Everything Old is…Well, Still Old on My Computer*

(news & commentary)

Adobe promoted today’s announcements under the line Everything Old is New Again. Well, for those not at the announcement (including me), it certainly feels like everything is a lot like before. I thought Nikon was terrible at getting clear marketing messages across to everyone quickly and broadly, but Adobe certainly hasn’t communicated everything they need to about their announcements yet. I suspect that they just think everyone will just watch hours of video to see what it is they announced. I’d rather watch a soccer match ;~). 

My Adobe Updater in the menu bar claims I have 18 updates waiting. Only problem is that the screen is blank when I click that. Yeah, we’ve seen this problem before: the promised updates not being delivered cleanly when announced. Hopefully this will clear up soon so I can really evaluate the new things with some extended trackpadding.

But let’s back up for a moment. Here’s the line that really struck me in the marketing materials I did get: "biggest software release since CS6.” Uh, wasn’t the reason why we weren’t going to get a CS7 because Adobe wanted to stop doing monolithic large releases? I think we can call BS on Adobe’s claims that CC was a way to get away from having to bundle up large releases: they’re still doing it, only you have to rent them now.

Meanwhile, the permanent US$9.99 Photoshop CC/Lightroom deal is now permanent. With only 2GB of data instead of 20GB. What this means for everyone that already has some form of Photoshop CC seems unclear at the moment. Do I now get 18GB less? Does someone who was paying the full price of US$29 or US$49 or whatever they signed up for at the time still get 20GB of data? Magic 8 ball says “check again later.” 

The permanent part is good news, I think. Most of us can live with Photoshop and Lightroom updates at US$120 year, I think. I still don’t like what happens when you stop subscribing, but maybe Adobe will eventually come around on that, too. You know guys, you can claim victory and still make users happy: make CC the only option at the new price(s) but give long-term subscribers at least a read-only standalone version as a parting gift if they get off the update wagon.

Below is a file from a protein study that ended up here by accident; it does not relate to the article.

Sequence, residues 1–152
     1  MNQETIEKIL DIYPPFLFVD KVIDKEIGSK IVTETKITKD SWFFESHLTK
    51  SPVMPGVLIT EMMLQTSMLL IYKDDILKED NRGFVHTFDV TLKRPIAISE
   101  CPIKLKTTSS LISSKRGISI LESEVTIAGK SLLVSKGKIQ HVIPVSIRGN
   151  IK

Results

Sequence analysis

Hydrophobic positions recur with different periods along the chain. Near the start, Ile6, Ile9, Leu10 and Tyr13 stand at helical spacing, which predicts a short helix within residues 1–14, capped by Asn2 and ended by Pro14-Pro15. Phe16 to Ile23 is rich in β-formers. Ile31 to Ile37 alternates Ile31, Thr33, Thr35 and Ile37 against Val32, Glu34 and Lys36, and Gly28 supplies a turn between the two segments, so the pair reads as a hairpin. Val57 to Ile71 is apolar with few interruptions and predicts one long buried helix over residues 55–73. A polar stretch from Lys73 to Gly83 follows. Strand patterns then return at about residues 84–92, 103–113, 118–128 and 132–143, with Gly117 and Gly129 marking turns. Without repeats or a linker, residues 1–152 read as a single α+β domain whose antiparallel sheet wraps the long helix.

Photoshop gets a number of interesting new bits: path blur and spin blur allow different ways to apply faux motion in the pixels; focus mask allows you to use in-focus elements to create a mask for other effects (e.g. layer mask); the content-aware goodies have been enhanced and deal better with certain types of areas, specifically smooth gradients. But the big news was OpenCL changes that can give Photoshop CC a well-needed speed boost. 

Along with the now permanent semi-permanent Photoshop CC deal and some new Photoshop CC features and performance, Adobe announced some other bits and pieces on the photography side of things. Lightroom goes to version 5.5 today (though I still can’t seem to download it via Adobe Updater) and ACR and the DNG utility get a bump up to version 8.5. The new Nikon 1 cameras are now supported, along with a handful of new lenses. Other recent cameras now supported include the Olympus E-M10, the Panasonic GH4, the Samsung NX3000, the latest Sony RX100 III, and the Sony A7s. Also the bug that was causing Uncompressed NEF images from some older cameras to show random noise has now been fixed. CC versions of ACR get the new graduated and radial filter brush abilities, while CS6 users just get the new camera support. Lightroom gets some bug fixes and the ability to use star ratings from Lightroom Mobile.